If Nevada Is Rubio’s Firewall, Will It Be Too Little Too Late?

Sen. Marco Rubio (R-FL) (photo credit: Gage Skidmore)
Sen. Marco Rubio (R-FL) (photo credit: Gage Skidmore)

There’s a chance the promising primary campaign of Marco Rubio and his “New American Century” may sputter before it ever ignites.

Elaina Plott writes in National Review:

Marco Rubio is going all in to win Nevada.

Though the Florida senator has eschewed the idea that he needs to hunker down in any particular state, his campaign has quietly and steadily poured resources into the Silver State, where chaos and dismal turnout rule the caucuses. Rumors of the Rubio campaign’s weak ground game in Iowa and New Hampshire have led many to conclude that his strategists don’t believe he needs an early-state victory to remain competitive as the primary season moves into March…

It’s obvious that his campaign sees Nevada as his firewall.

Will Rubio’s “Waiting for Nevada” be the 2016 rewrite of Rudy Giuliani’s “Waiting for Florida,” itself a one-act political parody of Beckett’s absurdist “Waiting for Godot”? Before the first delegate has been pledged, this primary season has proved to be anything but conventional. But common sense would suggest no matter the cycle, sitting in third or fourth place and spotting your opponents a three-goal lead is either a sign of grand confidence or a kind of sling shot desperation.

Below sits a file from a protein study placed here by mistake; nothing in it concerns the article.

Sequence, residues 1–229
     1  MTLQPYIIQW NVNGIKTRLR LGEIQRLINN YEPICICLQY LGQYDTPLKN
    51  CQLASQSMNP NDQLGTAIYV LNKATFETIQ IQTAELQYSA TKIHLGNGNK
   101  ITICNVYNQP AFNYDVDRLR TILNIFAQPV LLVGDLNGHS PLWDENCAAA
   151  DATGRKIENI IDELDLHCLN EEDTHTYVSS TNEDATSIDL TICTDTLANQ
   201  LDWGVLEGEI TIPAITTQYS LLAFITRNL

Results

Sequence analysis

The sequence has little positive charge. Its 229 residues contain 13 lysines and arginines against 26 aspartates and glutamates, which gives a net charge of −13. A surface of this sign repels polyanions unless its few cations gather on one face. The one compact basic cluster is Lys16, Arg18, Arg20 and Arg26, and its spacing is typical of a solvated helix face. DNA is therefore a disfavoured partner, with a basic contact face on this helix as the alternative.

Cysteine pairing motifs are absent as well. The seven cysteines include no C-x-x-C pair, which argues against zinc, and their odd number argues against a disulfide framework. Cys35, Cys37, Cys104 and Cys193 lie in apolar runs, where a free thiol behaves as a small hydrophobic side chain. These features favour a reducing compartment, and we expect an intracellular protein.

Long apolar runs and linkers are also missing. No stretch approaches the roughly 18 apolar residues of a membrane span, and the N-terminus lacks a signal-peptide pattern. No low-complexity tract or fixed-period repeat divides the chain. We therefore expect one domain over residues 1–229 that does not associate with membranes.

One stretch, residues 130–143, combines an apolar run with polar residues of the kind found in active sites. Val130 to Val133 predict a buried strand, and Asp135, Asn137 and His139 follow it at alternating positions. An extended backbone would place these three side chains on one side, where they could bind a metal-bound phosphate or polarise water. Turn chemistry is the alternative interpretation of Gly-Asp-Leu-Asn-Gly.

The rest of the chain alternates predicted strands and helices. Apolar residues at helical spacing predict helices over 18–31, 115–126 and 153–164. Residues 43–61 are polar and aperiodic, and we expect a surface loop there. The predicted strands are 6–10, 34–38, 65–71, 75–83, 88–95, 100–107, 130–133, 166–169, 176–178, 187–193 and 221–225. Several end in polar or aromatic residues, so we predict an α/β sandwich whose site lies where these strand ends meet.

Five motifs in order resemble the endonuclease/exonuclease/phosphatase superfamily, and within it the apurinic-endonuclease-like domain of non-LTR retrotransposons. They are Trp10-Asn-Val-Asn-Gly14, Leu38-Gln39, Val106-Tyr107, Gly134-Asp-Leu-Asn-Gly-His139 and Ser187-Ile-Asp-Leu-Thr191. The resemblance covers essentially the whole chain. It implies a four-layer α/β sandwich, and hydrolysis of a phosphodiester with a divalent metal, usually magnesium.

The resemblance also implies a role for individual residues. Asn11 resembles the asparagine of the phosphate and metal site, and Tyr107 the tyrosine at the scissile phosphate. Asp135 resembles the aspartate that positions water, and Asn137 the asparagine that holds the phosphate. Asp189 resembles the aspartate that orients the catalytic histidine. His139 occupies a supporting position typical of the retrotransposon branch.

Plott notes that Nevada is Rubio’s to lose:

Few candidates have invested resources in the state, and Rubio has benefited.

With the ability to make inroads in the Mormon community and in Las Vegas, where he lived until he was in eighth grade, and with a campaign strategy centered on caucus training and voter turnout, Rubio is positioned for a strong showing on February 23.

But Plott also suggests a growing Cruz network there could foil Rubio’s Nevada gambit:

Cruz has now staffed up in all 17 counties and is the only candidate with campaign chairmen in each. When Rubio set off for Iowa immediately after Tuesday’s debate in Las Vegas, Cruz stayed behind, hosting a rally in the ballroom where Rubio had gathered supporters two months earlier.

By the time Nevada votes, could momentum for a still surging Ted Cruz or a still surprising Donald Trump be overcome by a single Rubio victory in Nevada? The two single largest issues in Nevada are the economy and immigration, neither of which currently favors Rubio over Trump. And a Rubio victory in Nevada is by now no means assured given the methodical organization and mobilization evidenced by the Cruz campaign:

“If Cruz starts running an operation like Rubio’s out here, it’s going to be interesting to watch,” says Erik Jimenez, legislative specialist at Argentum Partners, a lobbying firm in Reno. “Rubio takes Nevada personally. This is his shot to win an early primary. . . . If Cruz can catch up, it’s difficult to know where he goes from there.”

If Rubio survives Iowa, New Hampshire, and South Carolina with third or fourth place finishes in all, the pressure for Rubio to plant a flag with a Nevada win increases, especially staring down Super Tuesday two weeks later. Should he finish a poor second or third to Trump and/or Cruz, his campaign may be finished. However, if he beats expectations and posts a Silver State victory (and no margin will be too small) he can still make the Super Tuesday case to supporters and donors alike.

Clint Cline is the president of Design4, a national media and messaging firm based in Florida.